When first faced with a game described as a mix between an adventure game and an RPG, I found myself thinking that the description might be almost unnecessary. Doesn’t the roleplaying genre actually include a lot of the big elements of adventure games already? With that attitude, I was quite surprised when Driftmoon quickly became something more than an RPG, or at least your average modern one. With interesting mouse controls, tons of text, and some real puzzles, the game really sets itself apart, while still sticking to some classic tropes that work.
You start out by being summoned back to your home-town by your father, but before you can find him, your mother pushes you into a well. Then the entire village gets turned to stone and dad gets kidnapped. Crazier things happen as the game goes on. The world expands, as does the story, with a grand villain being revealed. Allies also come along, as you form a party to try to save the world.
That whole narrative is done in a really good, balanced way. That balance lies between being serious and cracking jokes, as there is a ton of humor packed in the game. Good stuff too. The dialog is well written, as are all the other things to read as you play through the game. Ancient tomes, letters, and wall markings add additional context to the world and actually provide information, often vital to important quests. There is simply a lot of words packed into Driftmoon, whether they be in history books or in the what must be the hundreds of one-liners coming from you and your party members.
So, what about the gameplay? Any good? Well, for those who are more combat-focused, those who want a real tactical experience, this may not be the thing for you. Combat is more “Hit enemy with stick/bow. Queue up special moves to hit for bigger damage/with bigger range/with a stun on top”. There is some challenge to combat in higher difficulty, but it comes more from preparation than any in-combat decision-making. The game has you build a character, with stats, skill-points and with items. Nothing too uncommon. The crafting system is pretty simple: buy or find recipes, click ’em to turn ingredients into things. The number of items you can craft and find leads to a few distinct ways to build your character.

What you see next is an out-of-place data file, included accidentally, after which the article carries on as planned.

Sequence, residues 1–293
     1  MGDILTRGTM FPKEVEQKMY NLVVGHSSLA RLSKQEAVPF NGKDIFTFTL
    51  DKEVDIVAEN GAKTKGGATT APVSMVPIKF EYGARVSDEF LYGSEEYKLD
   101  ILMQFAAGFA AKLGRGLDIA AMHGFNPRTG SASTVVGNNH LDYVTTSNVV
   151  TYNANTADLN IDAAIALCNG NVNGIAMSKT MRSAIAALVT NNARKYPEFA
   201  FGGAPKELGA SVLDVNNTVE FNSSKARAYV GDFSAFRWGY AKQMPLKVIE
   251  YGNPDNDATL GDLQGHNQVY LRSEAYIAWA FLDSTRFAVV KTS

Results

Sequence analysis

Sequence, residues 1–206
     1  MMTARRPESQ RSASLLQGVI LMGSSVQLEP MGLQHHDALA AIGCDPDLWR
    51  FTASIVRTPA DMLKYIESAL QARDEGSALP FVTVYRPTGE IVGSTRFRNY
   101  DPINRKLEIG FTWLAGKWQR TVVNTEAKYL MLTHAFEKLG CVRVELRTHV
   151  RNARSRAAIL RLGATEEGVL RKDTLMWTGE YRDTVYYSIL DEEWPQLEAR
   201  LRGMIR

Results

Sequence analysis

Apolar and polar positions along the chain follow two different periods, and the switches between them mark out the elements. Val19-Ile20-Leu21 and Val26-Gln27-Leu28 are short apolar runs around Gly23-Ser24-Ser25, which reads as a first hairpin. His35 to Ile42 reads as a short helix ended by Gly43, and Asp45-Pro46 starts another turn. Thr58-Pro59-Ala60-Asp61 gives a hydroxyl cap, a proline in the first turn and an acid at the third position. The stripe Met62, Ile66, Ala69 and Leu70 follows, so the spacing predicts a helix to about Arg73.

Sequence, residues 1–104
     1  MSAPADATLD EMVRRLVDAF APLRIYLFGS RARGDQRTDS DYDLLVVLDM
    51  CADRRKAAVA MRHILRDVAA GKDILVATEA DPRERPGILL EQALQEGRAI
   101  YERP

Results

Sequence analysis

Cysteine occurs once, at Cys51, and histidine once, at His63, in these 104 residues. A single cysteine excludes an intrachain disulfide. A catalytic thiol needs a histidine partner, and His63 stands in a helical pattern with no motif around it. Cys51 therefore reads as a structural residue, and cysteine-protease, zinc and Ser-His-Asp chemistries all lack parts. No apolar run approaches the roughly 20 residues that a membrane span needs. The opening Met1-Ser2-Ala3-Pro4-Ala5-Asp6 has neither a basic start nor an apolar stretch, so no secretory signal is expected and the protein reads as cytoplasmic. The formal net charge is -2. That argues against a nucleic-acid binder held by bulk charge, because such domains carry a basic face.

Companions will automatically assist you in your fights, although you can equip them with new items as well. It may, however, not be the smartest idea in the world to give your best loot to others, as your helpers change at the whims of the story. They are generally interesting though: an energetic firefly, a self-absorbed cat, a potential love interest?
The other half of gameplay, puzzle solving, is something that impressed me throughout Driftmoon. There are a good deal of real puzzles in the game, well built into the world. If I’m to be honest though, the reason I enjoyed them so much was their ability to be solved. When it’s not immediately obvious as to how to progress, you can often get assistance from a nearby NPC, or find the answer in one of the aforementioned pieces of writing scattered around the world. People who enjoy extremely frustrating puzzles may not find what they are looking for, but personally, I was taken aback at the solving of puzzles being one of my favorite parts of a game.
So, I’ve alienated two separate hardcore audiences so far, haven’t I? Thing is, the last thing I’d describe Driftmoon as is hardcore. It is, in the best possible sense of the word, light. It has a very friendly atmosphere to it, and while I still think a lot of “true gamers” will love the game, it would also make an excellent first ever RPG for someone. The mechanics, while allowing for a lot of fun, are all simple. The crafting, the character building, the combat—all done in an easy to understand point-and-click style.
The game is easy to get into, and it’s easier still to get absorbed by its world, not for its so-so visuals but for its extremely well-done writing. It could have been a little longer, being maybe 15 hours long with all its side-content. There is also some modding support, a few having been made so far. But the base game, costing you $15, has good value in my book, and still would, even if time spent were a good way to look at the value of games in the first place. If you don’t mind a level of simplicity, or some great walls of text, and want a light, fun adventure, Driftmoon is an excellent game you may come to love as I now do.